How To Curl A Free Kick Like A Pro

mitre football, man with foot on ball, ball on grass pitch

It’s the 89th minute in the cup semi-final, and the defender has just scythed down your star winger 25-yards out, as he glided through the opposition defence.  The ref’s whistle blows, and your captain throws you the muddied Mitre Delta.  Time to channel your inner Ruben Neves; time for a hero to find the top corner.  Here’s your guide to writing your name in your clubs’ history books by curling in that last-minute free-kick.

Place the ball yourself

Find that perfect spot.  If the pitch is anything like our local grounds, it’s not going to resemble the hallowed green carpet of Wembley, so try clearing away any lumps of mud, stones or, more likely, dog poo.  If the opposition has already set up their wall, why not try to steal a yard either way to mess with their plans – if you can get away with it!

Assess the wall and the goalkeepers position

The position of the wall and goalie will help you decide where you’re going to ripple the net.  Up-and-over the wall?  Or can you really make the goalie look a d*ck and smash it where they’re standing?  A wall will often jump, so there’s always the sneaky, daisy-cutter option to hit the ball low, under the wall.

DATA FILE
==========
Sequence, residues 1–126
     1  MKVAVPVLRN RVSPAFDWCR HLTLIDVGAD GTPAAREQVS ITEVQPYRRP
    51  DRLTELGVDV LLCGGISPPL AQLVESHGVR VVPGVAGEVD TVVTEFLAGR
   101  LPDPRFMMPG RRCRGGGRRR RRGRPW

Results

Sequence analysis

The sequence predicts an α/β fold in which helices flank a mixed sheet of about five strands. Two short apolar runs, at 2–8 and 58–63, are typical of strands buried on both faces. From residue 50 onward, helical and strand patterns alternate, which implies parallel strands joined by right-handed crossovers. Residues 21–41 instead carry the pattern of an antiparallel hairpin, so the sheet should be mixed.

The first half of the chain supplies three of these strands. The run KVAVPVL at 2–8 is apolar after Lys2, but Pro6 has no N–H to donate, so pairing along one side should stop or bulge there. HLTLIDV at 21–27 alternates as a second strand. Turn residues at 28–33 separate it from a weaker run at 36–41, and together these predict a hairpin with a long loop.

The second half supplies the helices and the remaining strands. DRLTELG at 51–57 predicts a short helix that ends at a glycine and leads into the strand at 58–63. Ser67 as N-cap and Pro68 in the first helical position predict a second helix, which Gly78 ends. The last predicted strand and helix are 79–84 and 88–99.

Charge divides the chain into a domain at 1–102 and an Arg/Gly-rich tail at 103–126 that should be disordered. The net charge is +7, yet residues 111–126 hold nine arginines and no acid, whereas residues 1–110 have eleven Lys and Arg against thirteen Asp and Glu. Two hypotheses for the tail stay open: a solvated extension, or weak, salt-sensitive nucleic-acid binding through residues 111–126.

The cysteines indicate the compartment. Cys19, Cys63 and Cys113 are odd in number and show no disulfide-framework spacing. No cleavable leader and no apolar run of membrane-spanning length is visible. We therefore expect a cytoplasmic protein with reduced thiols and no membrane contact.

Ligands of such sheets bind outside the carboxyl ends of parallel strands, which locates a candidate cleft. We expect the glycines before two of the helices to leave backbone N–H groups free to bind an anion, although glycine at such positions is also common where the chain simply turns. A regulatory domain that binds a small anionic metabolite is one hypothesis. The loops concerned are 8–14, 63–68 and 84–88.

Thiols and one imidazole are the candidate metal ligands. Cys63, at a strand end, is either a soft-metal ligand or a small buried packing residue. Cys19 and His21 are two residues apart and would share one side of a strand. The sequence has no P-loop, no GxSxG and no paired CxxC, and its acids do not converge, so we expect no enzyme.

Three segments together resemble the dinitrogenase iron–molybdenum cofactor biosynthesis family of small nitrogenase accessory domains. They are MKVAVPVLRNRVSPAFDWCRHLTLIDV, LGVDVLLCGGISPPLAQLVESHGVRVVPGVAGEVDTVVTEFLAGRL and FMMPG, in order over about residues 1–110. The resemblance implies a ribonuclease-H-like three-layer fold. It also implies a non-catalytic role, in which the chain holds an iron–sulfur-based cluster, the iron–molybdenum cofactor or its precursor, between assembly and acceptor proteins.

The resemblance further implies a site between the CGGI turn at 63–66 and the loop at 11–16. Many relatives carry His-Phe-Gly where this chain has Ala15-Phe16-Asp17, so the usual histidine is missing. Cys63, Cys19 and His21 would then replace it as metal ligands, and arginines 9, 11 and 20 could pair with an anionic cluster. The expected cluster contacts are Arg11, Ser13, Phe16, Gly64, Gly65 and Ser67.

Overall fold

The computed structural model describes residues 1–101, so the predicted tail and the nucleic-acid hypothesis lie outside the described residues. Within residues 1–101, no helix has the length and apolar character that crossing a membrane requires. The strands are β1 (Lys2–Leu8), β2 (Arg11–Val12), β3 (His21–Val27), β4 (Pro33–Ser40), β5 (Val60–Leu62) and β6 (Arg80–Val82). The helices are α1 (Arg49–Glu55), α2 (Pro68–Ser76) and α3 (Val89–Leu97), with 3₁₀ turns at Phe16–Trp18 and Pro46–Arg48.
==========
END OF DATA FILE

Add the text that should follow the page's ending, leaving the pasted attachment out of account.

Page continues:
The Run-Up

Take a few paces back, ignoring the calls of “you’re sh*t” from the three fans the opposition has.  Like in rugby, free-kick takers now often have a set ritual.  With repetition, you’ll work out your own, but why not start with standing side-on to the goal, placing your foot by the ball and taking 4 steps back.  Clear your mind, take a deep breath, and visualise where the ball is going, and that row of pints your teammates will buy you for grabbing the winner.

Striking the ball

Unless you’re aiming to knuckle-ball your way to glory, it’s best to hit the ball with your in-step to generate the curl, wrapping your foot around the ball as you strike.  Try combining this with a slight upward motion to get the ball up-and-over the wall, but so it drops back down, making it more difficult for the keeper to read the balls’ trajectory.  With time, aim for more power to really give the keeper no chance!

Study and Repeat

Watch how the pros do it – you’ll learn more than just how crap their haircut is.  Study their technique and try it out yourself.  But, above all, practice makes perfect.  David Beckham wasn’t born being able to score the perfect free-kick – he developed it by spending hours on the training pitch.  And by putting in the hours, you’ll get your technique down, and will be 100% prepared when that 89th minute free-kick comes your way.

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